Three tips to help you negotiate a salary increase

Every career builder hopes that the path they have chosen will lead to their dream lifestyle. And as a fulfilling or satisfying career is multi-faceted, its definition is specific to the individual career builder.

However, the secret to experiencing more job satisfaction lies in a combination of both intrinsic and extrinsic motivators. Intrinsic job satisfaction is to a large extent contributed to by contentment and appreciation of the work and responsibilities involved, while extrinsic job satisfaction places more attention on work conditions, such as job security, work-life balance, work environment and even the salary offered.

Usually, top on the list of extrinsic factors is the quest for a ‘good salary’. The job market is awash with dissatisfied and unhappy individuals who spend the better part of their waking hours doing jobs they loathe because they need the salary.

While a salary should be commensurate with the efforts and energies expended by a worker, many career builders do not feel appropriately and fairly compensated.

While some organisations have compensation plans that are performance based with periodic increments, other firms seldom increase salaries, or make an increase so infinitesimal that employees refer to it as ‘an insult to their bank accounts’.

The good news is that despite the universally accepted belief that salary increment initiatives are primarily the employer’s prerogative, there is always the opportunity for salary hikes for those who dare to ask.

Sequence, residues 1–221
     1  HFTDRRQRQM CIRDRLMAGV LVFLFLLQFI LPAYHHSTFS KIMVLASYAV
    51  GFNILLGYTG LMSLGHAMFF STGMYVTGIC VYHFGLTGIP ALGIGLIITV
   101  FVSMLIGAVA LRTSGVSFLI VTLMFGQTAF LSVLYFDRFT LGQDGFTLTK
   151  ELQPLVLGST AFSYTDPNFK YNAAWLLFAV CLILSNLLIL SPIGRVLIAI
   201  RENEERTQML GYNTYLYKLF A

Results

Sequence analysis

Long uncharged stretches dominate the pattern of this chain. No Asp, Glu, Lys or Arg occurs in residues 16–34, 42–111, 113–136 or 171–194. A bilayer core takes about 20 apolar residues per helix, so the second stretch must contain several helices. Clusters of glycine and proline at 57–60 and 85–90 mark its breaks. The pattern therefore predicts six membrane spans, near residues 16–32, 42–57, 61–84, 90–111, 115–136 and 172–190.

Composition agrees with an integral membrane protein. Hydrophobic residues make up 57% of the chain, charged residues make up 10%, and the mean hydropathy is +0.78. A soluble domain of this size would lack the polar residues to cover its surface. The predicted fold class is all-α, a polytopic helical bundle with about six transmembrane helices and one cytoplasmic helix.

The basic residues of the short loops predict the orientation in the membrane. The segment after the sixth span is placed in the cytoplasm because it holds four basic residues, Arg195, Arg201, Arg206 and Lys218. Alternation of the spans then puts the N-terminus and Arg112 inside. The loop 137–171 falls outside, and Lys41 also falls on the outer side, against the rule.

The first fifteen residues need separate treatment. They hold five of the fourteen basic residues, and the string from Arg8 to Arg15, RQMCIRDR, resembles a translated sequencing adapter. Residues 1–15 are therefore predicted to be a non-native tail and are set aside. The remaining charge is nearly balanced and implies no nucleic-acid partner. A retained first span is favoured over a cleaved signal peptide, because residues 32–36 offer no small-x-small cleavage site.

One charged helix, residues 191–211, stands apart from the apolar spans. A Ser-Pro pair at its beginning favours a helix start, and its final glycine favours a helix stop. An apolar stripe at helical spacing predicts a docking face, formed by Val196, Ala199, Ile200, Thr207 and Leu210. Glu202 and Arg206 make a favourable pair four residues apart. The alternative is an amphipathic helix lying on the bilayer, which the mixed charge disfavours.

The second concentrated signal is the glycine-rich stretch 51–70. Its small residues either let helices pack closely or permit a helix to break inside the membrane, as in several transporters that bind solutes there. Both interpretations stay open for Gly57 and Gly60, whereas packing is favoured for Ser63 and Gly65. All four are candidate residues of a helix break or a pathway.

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It makes sense, therefore, for any individual who wishes to build an awesome career to learn how to tactfully approach the issue of a salary increment so that they can escape the feeling that they lack a say as far as their take-home pay is concerned.

Possible responses

Here are some helpful tips on how to ask for a raise.

Proper preparation: A casual approach has sent many would-be successful salary requests to the dustbin. It is important to prepare appropriately by first booking a 20-30-minute appointment with your supervisor. It is also advisable that you document all your achievements, including past appraisals reports, recommendation letters, trophies, newly acquired academic certificates and any document that will be evidential and justify your request.

Be ready to negotiate: Avoid making outrageous demands and tabling ultimatums. Like any other negotiations, there are three possible responses to a salary increment request: acceptance, rejection or a request for more time to consult with human resources and other team leaders.

Be sober and emotionally stable: The request for a salary review should be accorded the seriousness it deserves. Mental and emotional quotients should be at an all-time high to avoid the drama associated with emotional immaturity. A positive attitude towards yourself, your supervisor and the organisation in general will come in handy to help you maintain calm throughout the discussion.

Be specific with figures: Some individuals show up at salary negotiations with nothing but complaints and whining about how unfairly they are being treated. You should, instead, table the figure you want and back it up with industry wage levels or performance documentation.

Pursing a salary increment is not ‘mission impossible’, and with a professional tactical approach, it is possible to win where others dare not venture.

The writer is a career coach and co-author of ‘The Career Code’.

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